Joint and Several Liability

Divorcing couples deal with debt in one of three ways: One, they pay it all off; two, they service it jointly; or three, they divide it and each take a share. While option one may be difficult, it makes for a clean break and fresh start without friction between former spouses. Options two and three not only make for continued contact, but also put one spouse’s credit at risk. In any event, the couple is jointly responsible for the marital debt. In legal terms, however, a married couple is jointly responsible for marital debt because of joint and several liability, which means that the spouses are liable in respect of the same liability.

Under joint and several liability or all sums, a claimant may pursue an obligation against any one party as if they were jointly liable and it becomes the responsibility of the defendants to sort out their respective proportions of liability and payment.

This means that if the claimant pursues one defendant and receives payment, that defendant must then pursue the other obligors for a contribution to their share of the liability.

Marital debt could refer to the debts that are incurred during marriage. Debts are divided during divorce which determines who is responsible to repay the debt. If both spouses co-signed for a debt, both spouses will probably be held to joint and several liability for the debt. In most community property states, both spouses are equally responsible for the repayment of debt incurred during the marriage, even if only one spouse enjoyed the benefit. Typically, the debts that one spouse brings into the marriage (separate or non-marital debt) remain the responsibility of that spouse. In special circumstances (in community property states), both spouses can be held responsible for separate (non-marital) debt. When a joint tax return is filed, the Internal Revenue Service holds both spouses to joint and several liability for the tax.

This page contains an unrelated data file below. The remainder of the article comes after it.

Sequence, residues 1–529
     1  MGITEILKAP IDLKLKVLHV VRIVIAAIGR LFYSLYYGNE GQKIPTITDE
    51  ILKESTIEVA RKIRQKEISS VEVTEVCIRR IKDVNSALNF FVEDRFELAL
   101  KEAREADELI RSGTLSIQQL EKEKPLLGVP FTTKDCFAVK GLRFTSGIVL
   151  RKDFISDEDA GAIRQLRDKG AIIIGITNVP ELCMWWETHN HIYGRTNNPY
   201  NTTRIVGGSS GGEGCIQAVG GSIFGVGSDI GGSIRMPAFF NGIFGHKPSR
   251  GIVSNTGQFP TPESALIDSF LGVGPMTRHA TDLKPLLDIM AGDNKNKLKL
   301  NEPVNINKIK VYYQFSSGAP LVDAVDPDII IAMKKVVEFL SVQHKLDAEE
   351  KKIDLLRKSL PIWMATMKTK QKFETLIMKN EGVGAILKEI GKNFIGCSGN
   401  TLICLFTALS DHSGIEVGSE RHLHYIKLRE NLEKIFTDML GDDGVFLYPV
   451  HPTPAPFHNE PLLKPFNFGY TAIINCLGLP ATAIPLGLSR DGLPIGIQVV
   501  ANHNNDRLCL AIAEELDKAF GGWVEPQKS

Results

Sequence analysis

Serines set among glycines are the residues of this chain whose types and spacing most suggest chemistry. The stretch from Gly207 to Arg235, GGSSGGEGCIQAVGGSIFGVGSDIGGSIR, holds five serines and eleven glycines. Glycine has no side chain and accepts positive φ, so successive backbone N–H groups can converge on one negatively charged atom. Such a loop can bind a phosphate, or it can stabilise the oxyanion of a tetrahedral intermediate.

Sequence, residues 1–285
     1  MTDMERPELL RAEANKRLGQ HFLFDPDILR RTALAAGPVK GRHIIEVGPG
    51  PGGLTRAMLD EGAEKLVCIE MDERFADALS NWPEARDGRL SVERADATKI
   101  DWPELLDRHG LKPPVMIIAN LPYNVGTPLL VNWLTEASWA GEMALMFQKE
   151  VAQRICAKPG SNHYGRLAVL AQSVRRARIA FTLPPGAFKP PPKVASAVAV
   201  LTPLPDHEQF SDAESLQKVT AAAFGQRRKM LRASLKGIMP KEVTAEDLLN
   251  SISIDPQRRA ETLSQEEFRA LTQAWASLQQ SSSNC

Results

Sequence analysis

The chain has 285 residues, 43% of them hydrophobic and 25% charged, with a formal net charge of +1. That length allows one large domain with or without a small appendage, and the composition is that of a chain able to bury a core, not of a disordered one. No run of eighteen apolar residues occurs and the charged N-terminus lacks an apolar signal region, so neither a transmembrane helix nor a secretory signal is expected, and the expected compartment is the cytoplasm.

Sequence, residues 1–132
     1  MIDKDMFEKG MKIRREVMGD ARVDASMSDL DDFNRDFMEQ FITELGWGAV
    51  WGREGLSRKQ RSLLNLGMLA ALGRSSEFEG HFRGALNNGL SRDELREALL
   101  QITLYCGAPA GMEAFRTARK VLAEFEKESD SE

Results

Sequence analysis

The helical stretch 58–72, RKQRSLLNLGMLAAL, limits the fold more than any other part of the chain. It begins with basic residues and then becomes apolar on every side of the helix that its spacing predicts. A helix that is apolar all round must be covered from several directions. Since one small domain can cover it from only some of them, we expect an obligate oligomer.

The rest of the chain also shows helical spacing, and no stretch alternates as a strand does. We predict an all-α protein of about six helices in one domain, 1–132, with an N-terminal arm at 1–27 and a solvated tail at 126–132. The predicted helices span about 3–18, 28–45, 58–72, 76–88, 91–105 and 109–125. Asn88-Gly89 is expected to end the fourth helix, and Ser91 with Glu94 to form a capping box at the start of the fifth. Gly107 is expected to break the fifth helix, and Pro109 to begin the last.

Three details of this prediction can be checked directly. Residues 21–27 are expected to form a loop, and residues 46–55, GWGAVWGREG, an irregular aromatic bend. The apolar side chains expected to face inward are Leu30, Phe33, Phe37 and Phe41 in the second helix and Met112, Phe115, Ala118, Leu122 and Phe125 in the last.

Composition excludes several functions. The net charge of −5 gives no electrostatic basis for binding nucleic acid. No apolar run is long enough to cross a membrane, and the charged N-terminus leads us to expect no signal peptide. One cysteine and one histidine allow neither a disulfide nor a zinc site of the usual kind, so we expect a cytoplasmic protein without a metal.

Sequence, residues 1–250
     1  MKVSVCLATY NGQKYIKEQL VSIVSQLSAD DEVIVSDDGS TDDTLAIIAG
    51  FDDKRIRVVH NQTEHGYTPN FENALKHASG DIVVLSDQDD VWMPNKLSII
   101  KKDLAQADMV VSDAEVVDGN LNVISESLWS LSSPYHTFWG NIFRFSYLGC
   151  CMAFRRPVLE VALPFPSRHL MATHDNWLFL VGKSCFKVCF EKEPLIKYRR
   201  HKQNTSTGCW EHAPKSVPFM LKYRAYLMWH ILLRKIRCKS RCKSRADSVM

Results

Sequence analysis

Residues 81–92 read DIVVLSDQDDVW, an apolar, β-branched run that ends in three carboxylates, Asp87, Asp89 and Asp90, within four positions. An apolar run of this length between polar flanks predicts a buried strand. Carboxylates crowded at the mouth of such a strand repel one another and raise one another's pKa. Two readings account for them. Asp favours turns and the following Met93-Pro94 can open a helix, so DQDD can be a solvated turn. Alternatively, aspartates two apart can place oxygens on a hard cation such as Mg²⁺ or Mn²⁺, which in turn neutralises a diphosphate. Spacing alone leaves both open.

Joint and several liability arises when spouses or members of an organization owe the government income taxes. In such cases, the revenue agency may collect on the debt from any and all of the debtors. In a contractual situation, where two or more persons are responsible for the same performance and default on their obligations, a nondefaulting party may hold any and all parties liable for damages resulting from the breach of performance.

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